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Clinical Trial Summary

There are no therapeutic agents that have been shown to improve outcomes from severe traumatic brain injury (TBI). Critical barriers to progress in developing treatments for severe TBI are the lack of: 1) monitoring biomarkers for assessing individual patient response to treatment; 2) predictive biomarkers for identifying patients likely to benefit from a promising intervention. Currently, clinical examination remains the fundamental tool for monitoring severe TBI patients and for subject selection in clinical trials. However, these patients are typically intubated and sedated, limiting the utility of clinical examinations. Validated monitoring and predictive biomarkers will allow titration of the dose of promising therapeutics to individual subject response, as well as make clinical trials more efficient by enabling the enrollment of subjects likely to benefit. Glial fibrillary acidic protein (GFAP), neurofilament light chain (NfL) and high sensitivity c-reactive protein (hsCRP) are promising biomarkers that may be useful as 1) monitoring biomarkers; 2) predictive biomarkers in severe TBI trials. Although the biological rationale supporting their use is strong, significant knowledge gaps remain. To address these gaps in knowledge, we propose an ancillary observational study leveraging an ongoing severe TBI clinical trial that is not funded to collect biospecimen. The Hyperbaric Oxygen in Brain Injury Treatment (HOBIT) trial, a phase II randomized control clinical trial that seeks to determine the dose of hyperbaric oxygen therapy (HBOT) that that has the highest likelihood of demonstrating efficacy in a phase III trial. The proposed study will: 1) validate the accuracy of candidate monitoring biomarkers for predicting clinical outcome; 2) determine the treatment effect of different doses of HBOT on candidate monitoring biomarkers; and 3) determine whether there is a biomarker defined subset of severe TBI that responds favorably to HBOT. This proposal will: 1) inform a go/no-go decision for a phase III trial of HBOT by providing adjunctive evidence of the effect of HBOT on key biological pathways through which HBOT is hypothesized to affect outcome; 2) provide evidence to support further study of the first monitoring biomarkers of severe TBI; 3) increase the likelihood of success of a phase III trial by identifying the sub-population of severe TBI likely to benefit from HBOT; 4) create a repository of TBI biospecimen which may be accessed by other investigators. This study is related to NCT04565119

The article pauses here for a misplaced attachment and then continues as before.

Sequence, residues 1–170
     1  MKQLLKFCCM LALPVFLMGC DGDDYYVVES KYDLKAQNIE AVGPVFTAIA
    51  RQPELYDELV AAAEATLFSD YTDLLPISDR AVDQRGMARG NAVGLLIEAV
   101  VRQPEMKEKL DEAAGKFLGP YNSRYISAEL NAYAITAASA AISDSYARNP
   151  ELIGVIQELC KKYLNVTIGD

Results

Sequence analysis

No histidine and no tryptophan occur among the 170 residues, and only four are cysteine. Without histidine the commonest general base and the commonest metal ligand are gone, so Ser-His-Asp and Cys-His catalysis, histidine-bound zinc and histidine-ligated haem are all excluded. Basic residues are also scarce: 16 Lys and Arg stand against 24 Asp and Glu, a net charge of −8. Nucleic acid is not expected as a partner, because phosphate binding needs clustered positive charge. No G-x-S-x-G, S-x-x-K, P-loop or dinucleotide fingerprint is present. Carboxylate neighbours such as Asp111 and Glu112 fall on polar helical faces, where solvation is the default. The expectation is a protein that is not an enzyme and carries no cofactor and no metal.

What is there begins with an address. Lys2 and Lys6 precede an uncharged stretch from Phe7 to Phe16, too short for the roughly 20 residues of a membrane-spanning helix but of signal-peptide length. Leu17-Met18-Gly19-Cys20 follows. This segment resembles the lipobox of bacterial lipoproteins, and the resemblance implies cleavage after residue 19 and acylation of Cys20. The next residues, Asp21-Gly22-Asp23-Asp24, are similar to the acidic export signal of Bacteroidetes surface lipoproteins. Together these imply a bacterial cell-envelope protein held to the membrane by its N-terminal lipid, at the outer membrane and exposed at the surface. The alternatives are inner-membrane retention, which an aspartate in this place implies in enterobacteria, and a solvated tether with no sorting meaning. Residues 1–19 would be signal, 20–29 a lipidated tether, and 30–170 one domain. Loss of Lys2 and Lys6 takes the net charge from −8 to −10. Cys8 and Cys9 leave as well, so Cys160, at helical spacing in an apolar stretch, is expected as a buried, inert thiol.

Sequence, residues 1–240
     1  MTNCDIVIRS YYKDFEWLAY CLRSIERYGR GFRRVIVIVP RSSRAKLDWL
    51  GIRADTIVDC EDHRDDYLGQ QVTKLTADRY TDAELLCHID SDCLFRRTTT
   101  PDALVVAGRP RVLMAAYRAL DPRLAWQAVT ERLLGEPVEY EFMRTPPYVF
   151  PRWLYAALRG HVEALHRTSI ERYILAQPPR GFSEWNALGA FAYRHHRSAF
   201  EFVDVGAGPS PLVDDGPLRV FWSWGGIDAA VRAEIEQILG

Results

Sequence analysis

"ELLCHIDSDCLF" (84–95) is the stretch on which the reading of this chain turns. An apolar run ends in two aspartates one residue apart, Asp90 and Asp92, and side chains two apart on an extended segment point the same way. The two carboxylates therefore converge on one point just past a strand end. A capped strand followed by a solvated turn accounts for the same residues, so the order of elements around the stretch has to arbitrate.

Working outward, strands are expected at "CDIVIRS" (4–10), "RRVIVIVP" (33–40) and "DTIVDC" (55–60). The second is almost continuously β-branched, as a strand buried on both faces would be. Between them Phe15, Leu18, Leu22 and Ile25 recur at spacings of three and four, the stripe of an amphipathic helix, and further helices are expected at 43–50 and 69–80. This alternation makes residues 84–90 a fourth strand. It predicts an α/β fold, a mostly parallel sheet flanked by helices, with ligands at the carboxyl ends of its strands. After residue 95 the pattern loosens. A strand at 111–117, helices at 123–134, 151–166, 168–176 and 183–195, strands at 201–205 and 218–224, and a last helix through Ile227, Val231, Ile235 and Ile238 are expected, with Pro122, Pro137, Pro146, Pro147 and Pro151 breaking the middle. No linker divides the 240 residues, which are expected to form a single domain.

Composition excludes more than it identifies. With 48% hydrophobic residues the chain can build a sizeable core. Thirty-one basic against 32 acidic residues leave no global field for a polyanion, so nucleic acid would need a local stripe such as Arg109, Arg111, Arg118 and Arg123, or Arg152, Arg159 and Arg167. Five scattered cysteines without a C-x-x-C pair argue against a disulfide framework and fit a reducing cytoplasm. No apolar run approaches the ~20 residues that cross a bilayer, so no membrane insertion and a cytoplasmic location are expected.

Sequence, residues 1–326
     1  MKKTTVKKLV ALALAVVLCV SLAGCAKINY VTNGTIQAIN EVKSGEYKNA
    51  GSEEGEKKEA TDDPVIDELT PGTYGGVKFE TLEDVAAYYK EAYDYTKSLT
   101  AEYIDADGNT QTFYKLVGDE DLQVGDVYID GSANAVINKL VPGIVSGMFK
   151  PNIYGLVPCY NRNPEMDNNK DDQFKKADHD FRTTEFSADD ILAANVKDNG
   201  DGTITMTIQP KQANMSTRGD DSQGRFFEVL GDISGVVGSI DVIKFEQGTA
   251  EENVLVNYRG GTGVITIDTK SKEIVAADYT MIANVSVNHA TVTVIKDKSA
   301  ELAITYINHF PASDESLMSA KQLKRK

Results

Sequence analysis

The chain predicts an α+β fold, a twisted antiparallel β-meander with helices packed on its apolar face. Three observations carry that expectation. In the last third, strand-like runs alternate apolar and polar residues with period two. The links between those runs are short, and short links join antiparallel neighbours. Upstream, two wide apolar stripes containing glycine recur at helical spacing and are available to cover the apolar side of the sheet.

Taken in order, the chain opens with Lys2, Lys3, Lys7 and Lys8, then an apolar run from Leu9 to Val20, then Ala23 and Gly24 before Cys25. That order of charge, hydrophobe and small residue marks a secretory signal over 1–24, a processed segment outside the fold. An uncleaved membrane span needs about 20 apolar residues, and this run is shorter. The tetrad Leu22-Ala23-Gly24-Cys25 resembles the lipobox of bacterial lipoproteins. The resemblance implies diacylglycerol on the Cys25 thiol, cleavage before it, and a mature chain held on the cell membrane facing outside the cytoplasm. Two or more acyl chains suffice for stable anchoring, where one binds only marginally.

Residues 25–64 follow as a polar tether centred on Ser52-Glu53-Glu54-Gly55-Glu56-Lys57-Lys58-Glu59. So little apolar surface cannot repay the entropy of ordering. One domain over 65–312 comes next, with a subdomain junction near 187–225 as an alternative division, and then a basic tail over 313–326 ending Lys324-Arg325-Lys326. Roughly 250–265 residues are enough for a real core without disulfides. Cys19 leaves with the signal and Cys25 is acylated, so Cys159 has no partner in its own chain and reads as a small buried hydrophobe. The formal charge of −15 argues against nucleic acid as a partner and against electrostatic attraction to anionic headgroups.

Clinical Trial Description

The Investigators will obtain an initial set of biospecimens (serum, plasma, CSF, DNA) as soon as feasible after randomization to a HOBIT study arm, but no later than 24 hours from injury. Subsequent biospecimens will be obtained every 8 hours (+/- 1 hour) for the first 24 hours post-enrollment. This will allow the characterization of acute changes in biomarker levels. On study days 2, 3, 5, 7 and 14 biospecimens will be obtained once a day to allow characterization of sub-acute changes in biomarker levels. If feasible, samples should be collected at 8am (+/- 2 hours) to minimize the effects of circadian rhythm on biomarker levels. In addition, during the first 5 days of the study, one set of biospecimen will be collected 4 hours after HBO treatment to examine the acute effects of HBO treatment on biomarkers. This will not apply to those randomized to non-HBOT groups. During the 6-month visit, 1 tablespoon (15 ml) of blood will be collected. In addition, for subjects who have an external ventricular drain in place, 5 cc of CSF will be collected at each time point if feasible. Since subjects are unlikely to have an EVD after the first week post-injury, CSF samples will be collected only for as long as the EVD is in place. BioHOBIT will utilize data collected in the HOBIT trial. This data includes: demographic data and clinical data such as injury characteristics, vital signs, head CT findings, laboratory data and data on physiologic parameters such as intracranial pressure (ICP), partial pressure of brain tissue oxygen (PbtO2), mean arterial pressure (MAP), and cerebral perfusion pressure (CPP), among others. ;

Study Design

Related Conditions & MeSH terms

NCT number NCT04855396
Study type Observational
Source University of Michigan
Contact Natalie Fisher
Phone 734-232-2012
Email [email protected]
Status Recruiting
Start date January 19, 2021
Completion date September 2022

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